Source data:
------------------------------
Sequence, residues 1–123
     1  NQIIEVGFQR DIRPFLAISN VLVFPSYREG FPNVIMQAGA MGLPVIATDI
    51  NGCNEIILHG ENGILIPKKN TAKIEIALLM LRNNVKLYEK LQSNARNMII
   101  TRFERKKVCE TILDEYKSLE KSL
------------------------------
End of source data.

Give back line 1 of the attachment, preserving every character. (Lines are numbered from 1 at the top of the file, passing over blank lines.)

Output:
Sequence, residues 1–123